Spatial Association between Rapa Nui (Easter Island) Ahu and Freshwater Sources
The famous ahu and moai monuments of Rapa Nui (Easter Island, Chile) are features associated with multiple relatively small-scale communities distributed around the island. These communities are marked archaeologically by repeated sets of domestic architectural classes surrounding ceremonial features (i.e., ahu and moai) that potentially served to functionally integrate local populations. Described in this fashion, this settlement pattern offers the potential to explain the substantial investments in monuments using a multi-level and signaling based evolutionary framework. Such an explanation, however, requires the identification of the set of resources over which individuals compete as well as share. Here, we suggest that freshwater may have played a critical role in the formation and functioning on prehistoric Rapa Nui communities. We demonstrate this potential by examining the varying spatial association of a number of archaeological features with the location of freshwater. We argue that freshwater resources were a key factor leading to the structure of prehistoric communities and the unprecedented level of cultural elaboration on this tiny and remote island.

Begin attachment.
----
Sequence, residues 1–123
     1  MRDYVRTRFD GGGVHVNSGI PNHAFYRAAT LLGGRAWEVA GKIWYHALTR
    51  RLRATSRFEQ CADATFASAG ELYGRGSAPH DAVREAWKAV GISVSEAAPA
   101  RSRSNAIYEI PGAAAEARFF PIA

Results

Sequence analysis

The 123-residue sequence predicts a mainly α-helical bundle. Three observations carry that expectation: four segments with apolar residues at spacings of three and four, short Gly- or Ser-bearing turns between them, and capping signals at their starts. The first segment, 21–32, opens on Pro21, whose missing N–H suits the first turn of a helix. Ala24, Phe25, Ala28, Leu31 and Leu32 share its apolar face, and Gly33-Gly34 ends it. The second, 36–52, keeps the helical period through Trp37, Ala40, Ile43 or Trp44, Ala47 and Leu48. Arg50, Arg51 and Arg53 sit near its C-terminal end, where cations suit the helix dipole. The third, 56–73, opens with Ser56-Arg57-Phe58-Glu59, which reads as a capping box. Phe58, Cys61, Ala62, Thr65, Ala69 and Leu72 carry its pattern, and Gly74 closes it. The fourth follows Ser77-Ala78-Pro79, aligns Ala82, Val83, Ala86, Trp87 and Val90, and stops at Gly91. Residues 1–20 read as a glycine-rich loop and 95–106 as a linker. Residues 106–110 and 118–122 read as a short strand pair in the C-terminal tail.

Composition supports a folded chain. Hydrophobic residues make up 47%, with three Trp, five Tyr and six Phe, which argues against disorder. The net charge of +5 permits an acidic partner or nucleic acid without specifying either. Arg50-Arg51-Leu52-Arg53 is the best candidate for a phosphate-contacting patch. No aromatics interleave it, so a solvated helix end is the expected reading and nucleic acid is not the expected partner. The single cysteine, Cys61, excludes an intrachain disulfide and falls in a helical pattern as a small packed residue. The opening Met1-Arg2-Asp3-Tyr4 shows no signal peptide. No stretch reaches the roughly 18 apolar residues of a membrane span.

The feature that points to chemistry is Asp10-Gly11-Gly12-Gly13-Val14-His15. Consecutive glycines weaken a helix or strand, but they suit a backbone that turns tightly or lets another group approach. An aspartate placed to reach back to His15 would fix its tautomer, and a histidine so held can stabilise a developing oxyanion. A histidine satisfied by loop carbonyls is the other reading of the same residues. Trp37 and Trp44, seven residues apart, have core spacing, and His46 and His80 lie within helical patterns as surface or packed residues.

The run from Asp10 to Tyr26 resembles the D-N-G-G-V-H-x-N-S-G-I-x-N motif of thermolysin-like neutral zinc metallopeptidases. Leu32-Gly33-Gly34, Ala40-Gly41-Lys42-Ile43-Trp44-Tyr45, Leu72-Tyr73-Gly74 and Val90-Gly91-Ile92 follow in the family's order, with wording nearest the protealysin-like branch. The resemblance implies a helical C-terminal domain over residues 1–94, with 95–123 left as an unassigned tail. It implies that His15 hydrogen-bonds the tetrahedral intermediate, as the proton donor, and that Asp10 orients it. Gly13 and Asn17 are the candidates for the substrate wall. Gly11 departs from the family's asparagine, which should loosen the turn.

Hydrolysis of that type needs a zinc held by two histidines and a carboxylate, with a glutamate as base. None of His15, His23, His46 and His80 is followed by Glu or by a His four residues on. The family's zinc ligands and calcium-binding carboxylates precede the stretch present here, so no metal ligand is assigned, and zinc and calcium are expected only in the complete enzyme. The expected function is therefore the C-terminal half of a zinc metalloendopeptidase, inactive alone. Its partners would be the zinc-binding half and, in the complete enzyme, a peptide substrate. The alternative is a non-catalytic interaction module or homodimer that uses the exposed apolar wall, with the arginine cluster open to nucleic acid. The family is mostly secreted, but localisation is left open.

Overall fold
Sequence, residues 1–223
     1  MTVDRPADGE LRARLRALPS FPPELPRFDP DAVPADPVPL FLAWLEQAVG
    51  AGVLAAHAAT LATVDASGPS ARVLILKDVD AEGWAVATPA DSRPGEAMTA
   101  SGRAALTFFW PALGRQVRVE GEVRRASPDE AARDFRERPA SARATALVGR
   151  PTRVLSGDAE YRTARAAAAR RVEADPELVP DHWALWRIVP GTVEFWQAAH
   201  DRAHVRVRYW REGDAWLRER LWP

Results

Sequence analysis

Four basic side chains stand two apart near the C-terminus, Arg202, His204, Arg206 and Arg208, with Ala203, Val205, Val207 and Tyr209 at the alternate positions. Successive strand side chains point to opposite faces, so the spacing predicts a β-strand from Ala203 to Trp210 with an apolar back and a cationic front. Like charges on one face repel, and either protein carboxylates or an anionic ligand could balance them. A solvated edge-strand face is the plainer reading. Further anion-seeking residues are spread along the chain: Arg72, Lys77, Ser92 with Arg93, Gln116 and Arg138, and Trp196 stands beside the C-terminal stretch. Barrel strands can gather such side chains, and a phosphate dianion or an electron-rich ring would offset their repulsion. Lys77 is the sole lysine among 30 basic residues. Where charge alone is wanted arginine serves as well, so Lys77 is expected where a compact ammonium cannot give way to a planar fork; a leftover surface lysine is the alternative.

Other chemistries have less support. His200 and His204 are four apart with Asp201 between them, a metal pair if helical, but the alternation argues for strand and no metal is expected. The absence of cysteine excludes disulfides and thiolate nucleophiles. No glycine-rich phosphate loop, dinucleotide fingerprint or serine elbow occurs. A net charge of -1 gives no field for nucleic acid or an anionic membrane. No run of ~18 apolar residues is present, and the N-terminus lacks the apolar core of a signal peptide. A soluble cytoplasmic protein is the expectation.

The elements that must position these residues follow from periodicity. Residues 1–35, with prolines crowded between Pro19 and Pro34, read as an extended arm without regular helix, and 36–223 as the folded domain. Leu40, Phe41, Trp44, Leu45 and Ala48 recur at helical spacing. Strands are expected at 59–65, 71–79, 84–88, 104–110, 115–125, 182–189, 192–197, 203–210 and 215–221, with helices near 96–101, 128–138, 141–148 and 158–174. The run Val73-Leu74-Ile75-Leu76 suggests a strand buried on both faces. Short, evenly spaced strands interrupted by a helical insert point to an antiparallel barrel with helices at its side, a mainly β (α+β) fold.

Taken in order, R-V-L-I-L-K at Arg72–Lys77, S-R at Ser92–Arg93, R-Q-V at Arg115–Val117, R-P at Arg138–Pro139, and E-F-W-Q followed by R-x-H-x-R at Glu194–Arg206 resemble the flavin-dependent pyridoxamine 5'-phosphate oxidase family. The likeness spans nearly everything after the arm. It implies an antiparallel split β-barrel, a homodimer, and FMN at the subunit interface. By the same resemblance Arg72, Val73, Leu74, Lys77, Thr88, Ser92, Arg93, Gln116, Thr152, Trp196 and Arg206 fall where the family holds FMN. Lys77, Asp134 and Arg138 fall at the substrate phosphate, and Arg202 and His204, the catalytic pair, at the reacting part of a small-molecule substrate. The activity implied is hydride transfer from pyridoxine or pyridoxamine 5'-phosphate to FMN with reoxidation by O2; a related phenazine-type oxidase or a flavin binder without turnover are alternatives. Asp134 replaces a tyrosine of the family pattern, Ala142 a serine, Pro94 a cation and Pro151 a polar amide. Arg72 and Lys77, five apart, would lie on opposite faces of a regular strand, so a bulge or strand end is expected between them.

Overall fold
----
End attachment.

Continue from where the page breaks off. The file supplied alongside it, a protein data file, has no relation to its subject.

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Spatial Association between Rapa Nui (Easter Island) Ahu and Freshwater Sources. Carl Lipo, Robert Dinapoli, Alex Morrison, Terry Hunt. Presented at The 81st Annual Meeting of the Society for American Archaeology, Vancouver, British Columbia. 2017 ( tDAR id: 430528)
min long: 111.973; min lat: -52.052 ; max long: -87.715; max lat: 53.331 ;
Abstract Id(s): 14613